Apr 232015

update_recommendedIf you experience a WSFC failover during a VMware vMotion / Hyper-V Live Migration with your virtualized SQL Servers when using Availability Groups, you might have server and/or networking hardware that takes a bit longer than usual to handle the network port failover. This can lead to short unexpected outages in your application during the failover. The added latency in the infrastructure could trigger this failover from the cluster monitoring agents and their very short latency hitting that threshold too quickly.

In this case, you need to handle the cluster monitoring network settings in the same manner that Microsoft recommends for these types of VMs on Azure – relax the monitoring thresholds by a small amount. To learn more about how to adjust these values, read more here. Just remember to adjust these settings very gradually!

Mar 032015

pass_logo_smI am pleased to be presenting a highly interactive session tomorrow evening that is a full end-to-end setup and management demonstration on SQL Server AlwaysOn Availability Groups for the Omaha SQL Server Users Group.

During our November meeting, we took a quick non-scientific poll of some of the topics that the group wanted to see more of. SQL Server Availability Groups took the top slot, and when asked, attendees had spent a lot of time reading about AGs but few had actually seen them in practice. Let’s fix that! I will be walking through the creation of an Availability Group from start to finish. I will demonstrate how to create them, handle failover and failback of nodes, show how the application connects, and discuss the daily management processes such as scheduled jobs, monitoring, etc.

The Omaha SQL Server Users Group is meeting this Wednesday, March 4th, at 6:00pm, at Blue Cross and Blue Shield of Nebraska, 1919 Aksarben Drive, Omaha NE. Special thanks goes to Modis for sponsoring this event. RSVP today, and bring your questions!

May 162013

A while back Kendal Van Dyke (b | l | t) asked me a great question regarding the ideal VMware vSphere networking configuration for a SQL Server 2012 AlwaysOn Availability Group configuration. That’s a great topic for a blog post, so let’s go!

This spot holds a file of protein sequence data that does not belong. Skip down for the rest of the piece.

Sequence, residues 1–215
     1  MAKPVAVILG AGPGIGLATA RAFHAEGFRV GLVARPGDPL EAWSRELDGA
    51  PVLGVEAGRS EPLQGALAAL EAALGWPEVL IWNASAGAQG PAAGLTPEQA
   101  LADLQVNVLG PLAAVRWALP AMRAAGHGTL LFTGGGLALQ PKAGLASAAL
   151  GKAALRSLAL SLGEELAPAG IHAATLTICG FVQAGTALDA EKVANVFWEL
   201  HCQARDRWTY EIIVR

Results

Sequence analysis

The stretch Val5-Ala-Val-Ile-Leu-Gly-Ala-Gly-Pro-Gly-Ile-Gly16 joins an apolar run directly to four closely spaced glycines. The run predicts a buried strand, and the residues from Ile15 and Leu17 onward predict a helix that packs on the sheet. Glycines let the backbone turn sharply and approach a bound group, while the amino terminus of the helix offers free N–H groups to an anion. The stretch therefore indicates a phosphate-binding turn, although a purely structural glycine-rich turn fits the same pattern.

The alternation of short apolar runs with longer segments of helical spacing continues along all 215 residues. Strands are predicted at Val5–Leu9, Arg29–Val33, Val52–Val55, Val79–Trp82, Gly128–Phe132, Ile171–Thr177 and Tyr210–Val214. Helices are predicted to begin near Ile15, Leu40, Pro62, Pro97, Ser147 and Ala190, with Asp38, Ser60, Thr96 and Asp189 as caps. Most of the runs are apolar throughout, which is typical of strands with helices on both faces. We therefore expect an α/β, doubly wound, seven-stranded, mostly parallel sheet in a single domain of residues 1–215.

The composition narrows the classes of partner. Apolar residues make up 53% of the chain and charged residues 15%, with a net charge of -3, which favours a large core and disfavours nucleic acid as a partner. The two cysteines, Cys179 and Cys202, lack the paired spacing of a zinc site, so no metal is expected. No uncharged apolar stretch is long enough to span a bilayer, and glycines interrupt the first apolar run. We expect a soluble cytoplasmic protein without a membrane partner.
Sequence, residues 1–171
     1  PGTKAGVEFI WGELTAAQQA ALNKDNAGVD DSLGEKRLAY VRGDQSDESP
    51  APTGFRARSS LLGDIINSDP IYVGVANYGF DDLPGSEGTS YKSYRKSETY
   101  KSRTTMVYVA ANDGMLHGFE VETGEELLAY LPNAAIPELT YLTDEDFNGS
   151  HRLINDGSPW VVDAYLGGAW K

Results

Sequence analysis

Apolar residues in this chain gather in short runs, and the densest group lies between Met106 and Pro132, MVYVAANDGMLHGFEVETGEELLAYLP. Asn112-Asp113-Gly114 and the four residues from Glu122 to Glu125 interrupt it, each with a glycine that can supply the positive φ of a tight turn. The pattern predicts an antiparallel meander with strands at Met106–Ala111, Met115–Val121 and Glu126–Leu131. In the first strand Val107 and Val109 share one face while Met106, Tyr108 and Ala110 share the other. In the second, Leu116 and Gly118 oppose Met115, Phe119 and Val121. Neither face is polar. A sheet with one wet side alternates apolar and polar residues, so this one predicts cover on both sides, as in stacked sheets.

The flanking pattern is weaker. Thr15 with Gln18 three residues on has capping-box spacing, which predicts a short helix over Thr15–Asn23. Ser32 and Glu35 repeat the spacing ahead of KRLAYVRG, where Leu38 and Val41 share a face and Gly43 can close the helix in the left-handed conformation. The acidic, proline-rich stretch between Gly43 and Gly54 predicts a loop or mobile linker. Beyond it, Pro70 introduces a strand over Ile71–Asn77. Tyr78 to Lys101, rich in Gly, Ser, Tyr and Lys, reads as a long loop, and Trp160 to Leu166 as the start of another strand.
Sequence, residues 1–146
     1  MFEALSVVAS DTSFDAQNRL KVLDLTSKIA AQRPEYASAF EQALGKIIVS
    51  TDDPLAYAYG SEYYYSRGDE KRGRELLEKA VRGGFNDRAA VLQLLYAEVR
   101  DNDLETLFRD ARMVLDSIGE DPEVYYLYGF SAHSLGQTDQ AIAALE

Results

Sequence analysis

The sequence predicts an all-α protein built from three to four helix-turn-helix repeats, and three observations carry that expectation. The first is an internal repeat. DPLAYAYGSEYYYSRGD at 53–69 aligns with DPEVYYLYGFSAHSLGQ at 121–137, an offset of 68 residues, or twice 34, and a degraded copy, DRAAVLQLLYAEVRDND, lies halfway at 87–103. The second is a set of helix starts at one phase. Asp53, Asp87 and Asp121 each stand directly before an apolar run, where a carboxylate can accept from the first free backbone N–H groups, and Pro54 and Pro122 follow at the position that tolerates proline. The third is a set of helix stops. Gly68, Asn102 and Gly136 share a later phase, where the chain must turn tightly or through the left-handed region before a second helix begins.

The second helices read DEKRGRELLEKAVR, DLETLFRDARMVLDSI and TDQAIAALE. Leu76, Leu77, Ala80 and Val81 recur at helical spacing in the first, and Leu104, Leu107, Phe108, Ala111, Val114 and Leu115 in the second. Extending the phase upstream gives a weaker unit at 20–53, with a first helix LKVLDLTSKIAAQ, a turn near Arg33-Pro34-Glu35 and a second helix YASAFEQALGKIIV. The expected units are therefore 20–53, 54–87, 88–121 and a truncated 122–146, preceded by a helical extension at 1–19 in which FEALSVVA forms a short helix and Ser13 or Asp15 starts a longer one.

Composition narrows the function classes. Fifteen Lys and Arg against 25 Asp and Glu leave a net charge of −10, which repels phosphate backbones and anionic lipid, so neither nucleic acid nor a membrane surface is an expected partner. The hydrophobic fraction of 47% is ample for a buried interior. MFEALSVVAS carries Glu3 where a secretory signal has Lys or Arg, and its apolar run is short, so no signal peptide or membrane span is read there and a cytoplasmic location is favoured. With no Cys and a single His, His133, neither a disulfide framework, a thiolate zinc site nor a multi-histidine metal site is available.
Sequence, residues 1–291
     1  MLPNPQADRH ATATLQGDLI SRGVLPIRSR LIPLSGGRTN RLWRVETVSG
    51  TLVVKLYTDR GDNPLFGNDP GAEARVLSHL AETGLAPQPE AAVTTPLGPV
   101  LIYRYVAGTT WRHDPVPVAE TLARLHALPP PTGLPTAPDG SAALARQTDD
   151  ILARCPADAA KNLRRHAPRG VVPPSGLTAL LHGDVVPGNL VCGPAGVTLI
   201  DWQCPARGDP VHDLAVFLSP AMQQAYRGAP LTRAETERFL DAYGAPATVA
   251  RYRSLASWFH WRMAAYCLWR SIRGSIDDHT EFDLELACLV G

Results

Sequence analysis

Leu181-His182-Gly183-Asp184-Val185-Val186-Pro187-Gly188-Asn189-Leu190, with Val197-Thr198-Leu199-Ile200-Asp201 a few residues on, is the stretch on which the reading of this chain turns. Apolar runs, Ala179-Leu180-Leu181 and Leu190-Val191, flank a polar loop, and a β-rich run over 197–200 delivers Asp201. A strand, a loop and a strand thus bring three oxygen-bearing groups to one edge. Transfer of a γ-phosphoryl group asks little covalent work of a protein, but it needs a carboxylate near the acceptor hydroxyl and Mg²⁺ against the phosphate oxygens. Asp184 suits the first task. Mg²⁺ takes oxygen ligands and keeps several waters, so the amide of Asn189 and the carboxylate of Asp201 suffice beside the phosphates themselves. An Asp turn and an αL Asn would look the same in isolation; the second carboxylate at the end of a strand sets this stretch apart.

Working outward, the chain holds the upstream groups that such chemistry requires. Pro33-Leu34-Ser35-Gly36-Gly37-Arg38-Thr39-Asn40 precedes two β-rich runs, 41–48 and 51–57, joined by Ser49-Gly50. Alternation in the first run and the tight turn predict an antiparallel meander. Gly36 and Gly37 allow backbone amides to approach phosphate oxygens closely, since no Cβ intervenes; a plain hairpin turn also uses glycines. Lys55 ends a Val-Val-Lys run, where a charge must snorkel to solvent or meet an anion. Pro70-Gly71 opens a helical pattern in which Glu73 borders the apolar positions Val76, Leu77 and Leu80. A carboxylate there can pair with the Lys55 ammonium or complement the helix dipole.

Normally, a fairly stock setup can work without any major issues, but in systems with heavier activity, these tips can prevent or fix potential networking issues that can lead to system instability.

Continue reading »

Apr 102012

Want to know how hard it is to create a SQL Server 2012 AlwaysOn database Availability Group? It’s easy!

First, make sure you have your MSFC cluster created. See this post for more details.

Note: This demonstration is being performed on a VMware vSphere 5.0 cluster. It works great as both technologies are very complementary.

Next, on each of your two SQL Server nodes (in this case, servers db3a and db3b), edit your SQL Server service properties and check the box next to ‘Enable AlwaysOn Availability Groups’.

Next, on your primary server (in this case db3a) open SSMS, expand the tree, right click on ‘AlwaysOn High Availability’ and hit the wizard.

Specify the name of your availability group. I’m using the Dell DVDStore workload stressor tool as an example.

Next, the wizard will run a check on the databases on the primary server. If they pass the test, select one or more databases that you want to add to this Availability Group.

Remember to take a backup first, or else you will get the error that you see above.

Select your databases and continue.

Next, sign into your second database server by clicking ‘Add Replica’, specifying your next server and logging in.

Add as many nodes as you wish, up to four.

In this example, I am going to offload the backup functionality onto the second node, as well as use it for reporting, so I want to make the secondary node readable.

Next, click the Endpoints tab and double check your endpoints and its name. Double check your SQL Server Service Accounts and ensure that you have a shared file share set up somewhere that these accounts have access to. It will kick off a backup, restore and log backup automatically and its needs this location to store the files.

Next, click the Backup Preferences tab. Set your backup details carefully.

Next, click the Listener tab. If you prefer, you can add a new listener DNS name and IP address for this Availability Group. I personally find this to be a fantastic new feature.

Next, specify the location that you wish to use as a backup and log transfer location.

The next step runs a validator for all of the settings that you entered. Looks like things look good!

The final screen simply shows you your configuration for final review.

During the Availability Group creation process, it shows you what it’s doing. It throws that warning on the quorum drive, but since we’re doing this on two separate VMs, this error is irrelevant.

Look! It even does the priming of the mirror data pump for you.

Nice touch. The new Availability Group listener is even up!

Now, with SSMS I can connect to each node individually, the cluster VIP, or the new listener as well.

Outstanding! My data is now synchronized! My available replicas are listed, the databases listed, and the listeners shown in an exceptionally clear presentation.

Oh Microsoft. You nailed it on this one. Thank you for a job very well done.

Stay tuned for more AlwaysOn details like adding a new node into an existing cluster and Availability Group, latency and lag testing, and more!

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